Referring to FIGS. 1 and 2, the conductive portion 11 a includes first and second exposed conductive areas J2 and J4 for electrical connection to interconnecting wires W4 and W2, respectively, which are soldered to the conductive pads or areas J2 and J4.
Similarly, the second conductive portion 11 b includes conductive areas or exposed pads J1 and J3 which are electrically connected to interconnecting wires W3 and W1 which are soldered to areas J1 and J3 in a known manner. As is known in the art of the construction of LED modules, the circuit board 10 mounts 3 LEDs D1, D2 and D3. The number of LEDs mounted on each circuit board assembly 10 of each LED module such as M1 may vary from one to three or more. Again, as known in the art, LED modules such as M1 and M2 can be connected together into a string of LEDs which can be wound onto a reel or other dispenser (not shown) so that an installer can unwind and mount the string of LED modules onto a channel sign (such as shown in FIG. 5) or other display.
Referring again to FIG. 2, the first conductive portion 11 a further includes a tab or area of protrusion 10 a located at end 10 b of the circuit board assembly 10. The tab or protrusion 10 a is generally rectangular and extends outwardly from end 10 b of a circuit board assembly. The underside of the tab 10 a includes a third conductive area J5 which is formed as part of the copper conductive layer in which the conductive areas J2 and J4 are also located. The conductive area J5 is surrounded within the tab or protruded portion by bottom layer of solder mask as well as a layer of silk screen. Within the conductive portion 11 b, a tab or protruding area J6 of similar construction to tab J5 is positioned on end 10 c of the circuit board assembly, but tab J6 is formed in the copper conductor layer that forms the exposed conductive areas J1 and J3. In this manner, conductive areas J2, J4 and J5 are at the same electrical potential and, conductive areas J1, J3 and J6 are at a different electrical potential, with the LEDs D1, D2 and D3 (which are connected in series) are all connected to the first and second conductive portions 11 a and 11 b such that upon application of power to each conductive portion, the LEDs are driven to illumination.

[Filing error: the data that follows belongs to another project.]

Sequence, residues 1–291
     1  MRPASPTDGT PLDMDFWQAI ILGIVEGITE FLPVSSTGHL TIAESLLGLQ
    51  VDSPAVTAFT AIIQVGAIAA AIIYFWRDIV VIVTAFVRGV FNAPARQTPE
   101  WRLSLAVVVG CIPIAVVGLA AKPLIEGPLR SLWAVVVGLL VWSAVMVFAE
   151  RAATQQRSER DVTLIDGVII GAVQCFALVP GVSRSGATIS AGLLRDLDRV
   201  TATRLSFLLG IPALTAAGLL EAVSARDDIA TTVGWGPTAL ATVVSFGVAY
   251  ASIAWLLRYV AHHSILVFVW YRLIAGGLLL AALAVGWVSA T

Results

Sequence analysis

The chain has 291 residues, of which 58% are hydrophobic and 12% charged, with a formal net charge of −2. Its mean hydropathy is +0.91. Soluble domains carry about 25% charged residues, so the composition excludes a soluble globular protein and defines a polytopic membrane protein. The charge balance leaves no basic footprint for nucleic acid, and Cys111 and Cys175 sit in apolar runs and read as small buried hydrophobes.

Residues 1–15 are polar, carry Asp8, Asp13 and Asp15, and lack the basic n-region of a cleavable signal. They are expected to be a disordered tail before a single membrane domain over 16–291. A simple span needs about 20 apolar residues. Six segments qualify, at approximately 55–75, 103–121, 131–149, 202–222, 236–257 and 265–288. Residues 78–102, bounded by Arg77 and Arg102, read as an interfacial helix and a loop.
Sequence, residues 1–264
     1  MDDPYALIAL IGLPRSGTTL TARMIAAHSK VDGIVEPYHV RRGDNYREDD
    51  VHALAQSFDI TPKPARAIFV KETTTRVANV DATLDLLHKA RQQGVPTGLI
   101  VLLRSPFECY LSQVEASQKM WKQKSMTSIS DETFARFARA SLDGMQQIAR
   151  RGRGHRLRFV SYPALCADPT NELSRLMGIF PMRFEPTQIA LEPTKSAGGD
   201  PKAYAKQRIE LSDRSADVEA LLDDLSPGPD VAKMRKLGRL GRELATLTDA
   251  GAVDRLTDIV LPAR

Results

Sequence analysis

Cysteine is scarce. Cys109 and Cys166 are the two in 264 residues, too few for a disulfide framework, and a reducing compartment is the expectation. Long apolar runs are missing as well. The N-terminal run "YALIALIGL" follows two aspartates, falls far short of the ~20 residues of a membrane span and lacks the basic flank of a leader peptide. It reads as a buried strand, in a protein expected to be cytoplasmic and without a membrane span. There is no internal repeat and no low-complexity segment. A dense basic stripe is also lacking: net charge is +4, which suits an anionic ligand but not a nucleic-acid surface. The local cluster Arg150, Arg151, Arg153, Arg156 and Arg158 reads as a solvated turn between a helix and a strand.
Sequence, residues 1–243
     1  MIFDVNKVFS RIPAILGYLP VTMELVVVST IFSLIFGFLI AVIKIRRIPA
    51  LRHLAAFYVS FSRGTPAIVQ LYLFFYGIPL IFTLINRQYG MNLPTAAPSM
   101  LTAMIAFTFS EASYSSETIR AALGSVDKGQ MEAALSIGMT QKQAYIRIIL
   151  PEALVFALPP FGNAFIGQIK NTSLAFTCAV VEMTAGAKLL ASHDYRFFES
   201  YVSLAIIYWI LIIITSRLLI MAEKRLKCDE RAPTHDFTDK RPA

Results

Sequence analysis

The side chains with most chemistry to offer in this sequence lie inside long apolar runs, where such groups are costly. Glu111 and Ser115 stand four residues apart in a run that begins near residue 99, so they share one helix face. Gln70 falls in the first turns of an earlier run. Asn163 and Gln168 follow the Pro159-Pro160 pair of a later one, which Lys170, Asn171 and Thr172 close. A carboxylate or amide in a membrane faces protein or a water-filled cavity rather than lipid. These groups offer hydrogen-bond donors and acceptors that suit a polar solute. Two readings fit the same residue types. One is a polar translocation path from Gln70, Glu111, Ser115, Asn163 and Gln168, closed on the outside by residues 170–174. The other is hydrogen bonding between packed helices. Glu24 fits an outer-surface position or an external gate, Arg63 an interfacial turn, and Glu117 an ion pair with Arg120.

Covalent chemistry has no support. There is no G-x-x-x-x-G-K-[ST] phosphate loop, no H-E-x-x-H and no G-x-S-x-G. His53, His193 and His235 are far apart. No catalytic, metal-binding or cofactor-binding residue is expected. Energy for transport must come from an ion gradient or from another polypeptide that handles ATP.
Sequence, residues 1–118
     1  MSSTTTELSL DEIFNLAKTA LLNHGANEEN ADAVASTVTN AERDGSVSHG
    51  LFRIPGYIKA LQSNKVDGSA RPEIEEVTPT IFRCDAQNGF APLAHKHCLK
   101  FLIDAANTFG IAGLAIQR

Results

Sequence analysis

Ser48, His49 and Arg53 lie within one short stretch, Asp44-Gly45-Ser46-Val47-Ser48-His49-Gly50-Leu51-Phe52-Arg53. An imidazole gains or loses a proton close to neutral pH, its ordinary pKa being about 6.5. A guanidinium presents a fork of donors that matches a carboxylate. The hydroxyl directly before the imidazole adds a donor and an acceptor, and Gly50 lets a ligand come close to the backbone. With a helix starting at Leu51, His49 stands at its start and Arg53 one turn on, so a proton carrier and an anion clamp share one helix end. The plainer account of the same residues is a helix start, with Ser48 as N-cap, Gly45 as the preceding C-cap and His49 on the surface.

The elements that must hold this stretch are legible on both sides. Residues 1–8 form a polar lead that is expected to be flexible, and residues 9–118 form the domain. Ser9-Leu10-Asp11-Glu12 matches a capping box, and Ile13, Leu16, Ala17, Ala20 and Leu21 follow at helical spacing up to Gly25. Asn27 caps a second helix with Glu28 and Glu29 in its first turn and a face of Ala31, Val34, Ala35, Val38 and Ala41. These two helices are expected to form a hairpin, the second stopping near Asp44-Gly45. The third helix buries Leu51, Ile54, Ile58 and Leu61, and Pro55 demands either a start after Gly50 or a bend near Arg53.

A main string of LED modules such as M1 and M2 are interconnected by wires W1 and W2, which are soldered to the areas J3 and J4, so that a main string of LEDs can be formed and wound onto a reel or otherwise utilized. Similarly, wires W3 and W4 are soldered to conductive areas J1 and J2, or J3 and J4, respectively, in order to be attached to an adjacent LED module, which may be of the construction of modules M1 and M2, or of another construction, such as without the branch connector tabs having exposed conductive areas J5 and J6.
Referring to FIG. 5, a channel sign 15 is shown. Typically, the channel sign 15 is structured to house a series of LED modules in the configuration of the channel sign in order to depict a particular shape, here the letter “T.” The channel sign 15 may be made of aluminum or other material and includes a bottom 15 a having sides 15 b and 15 c extending outwardly from the bottom 15 a as well as end portions 15 d and 15 e. Any type of cover can be put on top of the sign, such as a plastic cover of a particular color such that the enclosed LEDs mounted inside the channel letter T illuminate a particular color. Or, the LEDs themselves may provide a desired color with the cover being clear.